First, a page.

In operation, the supply voltage is switchably developed across the recirculation diode by the switching transistor and applied to the output filter. When the switching transistor is on, the circuit is considered to be in an on-state, with the voltage across the recirculation diode being directly applied to the output filter. On the other hand, when the switching transistor is not conducting, the circuit is considered to be in an off-state. In the off-state, the currents that are set up in the inductance of the output filter are maintained by the recirculation diode, which allows current to be drawn from the reference potential, or ground, to the inductance.

In many applications, such as in automotive environments or the like, the supply voltages at the input to the circuit may have considerable voltage swings. Likewise, the loads attached to the output terminal of the circuits may draw excessive currents. If these voltage swings or excessive currents are not monitored, it may be possible for high currents to exist that may damage or destroy the components of the circuit, such as the switching transistor, the recirculation diode, or the components of the output filter. To protect against such high currents, switched mode power supply circuits are often provided with over-current detection circuits. Thus, if an over-current state arises in the circuit when it is in an on-state, for example, caused by an over current in the recirculation diode or at the output, protection circuitry is activated to protect the switching transistor from being damaged or destroyed.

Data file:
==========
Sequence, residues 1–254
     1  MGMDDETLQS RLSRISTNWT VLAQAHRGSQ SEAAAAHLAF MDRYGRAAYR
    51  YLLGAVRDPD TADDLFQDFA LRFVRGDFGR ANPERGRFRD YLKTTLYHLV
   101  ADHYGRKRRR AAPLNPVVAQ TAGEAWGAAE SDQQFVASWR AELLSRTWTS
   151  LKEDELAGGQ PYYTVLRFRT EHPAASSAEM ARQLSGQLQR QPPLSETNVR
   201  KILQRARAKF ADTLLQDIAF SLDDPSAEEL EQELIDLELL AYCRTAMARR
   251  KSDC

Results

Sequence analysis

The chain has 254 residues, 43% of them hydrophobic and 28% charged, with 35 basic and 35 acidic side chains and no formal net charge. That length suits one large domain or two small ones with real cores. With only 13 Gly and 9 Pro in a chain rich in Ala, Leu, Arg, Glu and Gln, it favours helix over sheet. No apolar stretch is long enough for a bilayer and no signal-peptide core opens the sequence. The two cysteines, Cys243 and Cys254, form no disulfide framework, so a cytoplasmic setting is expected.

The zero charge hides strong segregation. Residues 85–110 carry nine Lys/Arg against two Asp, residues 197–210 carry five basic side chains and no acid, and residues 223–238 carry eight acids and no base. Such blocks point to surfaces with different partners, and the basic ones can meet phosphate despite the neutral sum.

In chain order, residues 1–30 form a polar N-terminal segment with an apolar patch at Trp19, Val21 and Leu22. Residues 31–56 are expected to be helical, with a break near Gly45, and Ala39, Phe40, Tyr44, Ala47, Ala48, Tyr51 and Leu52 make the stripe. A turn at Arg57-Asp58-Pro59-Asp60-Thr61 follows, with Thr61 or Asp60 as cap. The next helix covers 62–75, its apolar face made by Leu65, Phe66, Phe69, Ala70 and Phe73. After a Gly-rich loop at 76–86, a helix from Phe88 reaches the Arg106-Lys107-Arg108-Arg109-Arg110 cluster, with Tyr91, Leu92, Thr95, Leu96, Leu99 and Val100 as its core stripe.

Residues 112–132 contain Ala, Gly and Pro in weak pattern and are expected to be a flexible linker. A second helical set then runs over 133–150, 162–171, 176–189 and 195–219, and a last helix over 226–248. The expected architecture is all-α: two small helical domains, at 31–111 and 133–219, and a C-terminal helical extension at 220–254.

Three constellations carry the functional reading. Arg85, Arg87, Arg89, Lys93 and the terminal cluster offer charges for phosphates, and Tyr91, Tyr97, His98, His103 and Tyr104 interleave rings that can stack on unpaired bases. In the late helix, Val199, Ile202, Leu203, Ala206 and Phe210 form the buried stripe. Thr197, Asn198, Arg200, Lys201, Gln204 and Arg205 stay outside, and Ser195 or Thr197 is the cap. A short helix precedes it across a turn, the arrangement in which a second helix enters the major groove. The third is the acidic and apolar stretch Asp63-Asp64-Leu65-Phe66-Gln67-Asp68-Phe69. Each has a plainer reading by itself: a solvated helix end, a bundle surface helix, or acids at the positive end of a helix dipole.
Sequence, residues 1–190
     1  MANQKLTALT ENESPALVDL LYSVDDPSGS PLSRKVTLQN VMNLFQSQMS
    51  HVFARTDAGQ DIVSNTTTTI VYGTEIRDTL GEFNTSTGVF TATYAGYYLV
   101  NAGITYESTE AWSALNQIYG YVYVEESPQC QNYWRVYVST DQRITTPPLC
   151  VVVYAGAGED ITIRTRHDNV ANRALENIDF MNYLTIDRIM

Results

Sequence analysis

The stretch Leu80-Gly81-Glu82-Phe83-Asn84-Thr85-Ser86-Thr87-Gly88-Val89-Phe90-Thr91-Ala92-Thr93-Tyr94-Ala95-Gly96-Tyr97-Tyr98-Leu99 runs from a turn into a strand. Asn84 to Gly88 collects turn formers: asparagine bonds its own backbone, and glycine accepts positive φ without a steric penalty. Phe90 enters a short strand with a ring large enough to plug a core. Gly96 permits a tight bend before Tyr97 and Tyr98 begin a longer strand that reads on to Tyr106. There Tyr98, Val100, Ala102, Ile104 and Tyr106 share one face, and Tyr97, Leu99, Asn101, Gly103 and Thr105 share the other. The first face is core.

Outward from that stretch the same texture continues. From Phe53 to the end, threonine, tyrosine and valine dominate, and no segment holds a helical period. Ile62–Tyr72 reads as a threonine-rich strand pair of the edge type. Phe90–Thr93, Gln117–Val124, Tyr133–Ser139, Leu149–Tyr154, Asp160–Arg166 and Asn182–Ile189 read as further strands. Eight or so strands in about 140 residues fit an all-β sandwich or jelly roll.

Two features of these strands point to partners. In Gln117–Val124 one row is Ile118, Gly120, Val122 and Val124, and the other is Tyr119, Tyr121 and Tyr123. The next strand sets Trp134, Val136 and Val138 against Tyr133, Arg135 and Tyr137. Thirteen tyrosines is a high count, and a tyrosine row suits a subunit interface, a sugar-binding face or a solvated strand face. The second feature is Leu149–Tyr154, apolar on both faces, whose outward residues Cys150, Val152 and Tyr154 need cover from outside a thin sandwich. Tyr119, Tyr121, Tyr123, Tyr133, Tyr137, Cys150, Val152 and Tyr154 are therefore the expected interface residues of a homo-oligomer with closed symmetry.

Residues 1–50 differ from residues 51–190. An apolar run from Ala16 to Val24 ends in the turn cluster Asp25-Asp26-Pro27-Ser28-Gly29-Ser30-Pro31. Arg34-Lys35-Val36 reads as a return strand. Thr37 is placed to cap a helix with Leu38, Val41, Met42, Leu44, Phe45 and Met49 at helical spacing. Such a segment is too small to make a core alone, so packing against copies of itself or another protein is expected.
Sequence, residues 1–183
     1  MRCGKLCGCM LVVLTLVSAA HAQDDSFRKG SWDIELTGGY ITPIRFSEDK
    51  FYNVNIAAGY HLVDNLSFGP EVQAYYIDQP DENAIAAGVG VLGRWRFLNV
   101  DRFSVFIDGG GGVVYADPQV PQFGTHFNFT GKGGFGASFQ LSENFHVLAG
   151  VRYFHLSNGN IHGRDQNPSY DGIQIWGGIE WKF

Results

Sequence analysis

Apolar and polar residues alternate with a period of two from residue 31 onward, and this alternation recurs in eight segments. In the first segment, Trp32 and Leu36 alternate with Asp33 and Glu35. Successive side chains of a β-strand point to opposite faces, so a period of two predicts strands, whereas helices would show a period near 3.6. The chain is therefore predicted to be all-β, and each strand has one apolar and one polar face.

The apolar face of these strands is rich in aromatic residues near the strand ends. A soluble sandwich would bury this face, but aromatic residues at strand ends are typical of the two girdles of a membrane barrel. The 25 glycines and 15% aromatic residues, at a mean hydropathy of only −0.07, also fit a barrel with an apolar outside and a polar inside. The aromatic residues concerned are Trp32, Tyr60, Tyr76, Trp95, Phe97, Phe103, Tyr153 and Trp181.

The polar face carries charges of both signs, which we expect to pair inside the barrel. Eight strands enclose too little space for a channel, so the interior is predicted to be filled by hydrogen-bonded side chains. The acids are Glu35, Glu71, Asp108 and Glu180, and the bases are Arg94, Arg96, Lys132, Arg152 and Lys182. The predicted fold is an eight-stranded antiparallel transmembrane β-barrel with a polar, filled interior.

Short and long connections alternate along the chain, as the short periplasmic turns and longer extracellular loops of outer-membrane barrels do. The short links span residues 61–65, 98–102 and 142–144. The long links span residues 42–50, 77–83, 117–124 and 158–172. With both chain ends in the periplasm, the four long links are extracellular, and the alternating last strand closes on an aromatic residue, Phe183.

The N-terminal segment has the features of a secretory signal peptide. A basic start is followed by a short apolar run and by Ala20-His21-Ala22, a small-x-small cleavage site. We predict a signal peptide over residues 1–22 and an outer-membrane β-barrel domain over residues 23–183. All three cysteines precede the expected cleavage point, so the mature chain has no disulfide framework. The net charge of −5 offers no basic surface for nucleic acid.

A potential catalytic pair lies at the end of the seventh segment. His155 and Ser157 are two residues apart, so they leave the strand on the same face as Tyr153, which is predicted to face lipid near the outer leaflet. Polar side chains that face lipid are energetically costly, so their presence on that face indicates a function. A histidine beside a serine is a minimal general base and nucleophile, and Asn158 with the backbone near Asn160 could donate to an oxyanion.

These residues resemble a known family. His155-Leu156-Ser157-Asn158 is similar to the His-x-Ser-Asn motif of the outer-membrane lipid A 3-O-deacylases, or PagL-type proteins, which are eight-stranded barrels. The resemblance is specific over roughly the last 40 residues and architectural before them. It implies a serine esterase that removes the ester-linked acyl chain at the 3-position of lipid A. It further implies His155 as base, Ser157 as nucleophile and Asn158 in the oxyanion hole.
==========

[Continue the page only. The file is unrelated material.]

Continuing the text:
Typical protection circuitry that may be used in switched-mode power supplies has a resistor in series with the switching transistor, and an amplifier connected to detect the voltage developed across the resistor. In an over-current conduction in the on-state of the power supply circuit, the amplifier detects a particular threshold voltage existing across the resistor, and produces an output warning. The amplifier is normally disabled during the off-state (or recirculation state) of the circuit. The switching transistor also is normally in an off state, with its gate voltage clamped to its source voltage.

If the recirculation diode partially fails, an abnormal recirculation occurs. In such condition, the diode can be thought of as a resistance in series with an ideal diode. The abnormal recirculation voltage is seen as an increased voltage across the resistance, resulting in increased power dissipation. This increased dissipation reduces efficiency, but would not be detected by the over-current detection circuit as a fault. What is needed, therefore, is a circuit that can effectively detect conditions in which the recirculation diode has partially or fully failed.

SUMMARY OF THE INVENTION

In light of the above, it is an object of the invention to provide an improved method and circuit for detecting a partial or full failure of a recirculation diode in a switched mode power supply.

It is another object of the invention to use existing circuit elements in a switched mode power supply overcurrent detection circuitry, with only minor modification, to detect a partially or fully failed recirculation diode, whereby additional detection elements are unnecessary.

It is yet another object of the invention to provide an improved method for detecting the partial or full failure of a recirculation diode in a switched mode power supply.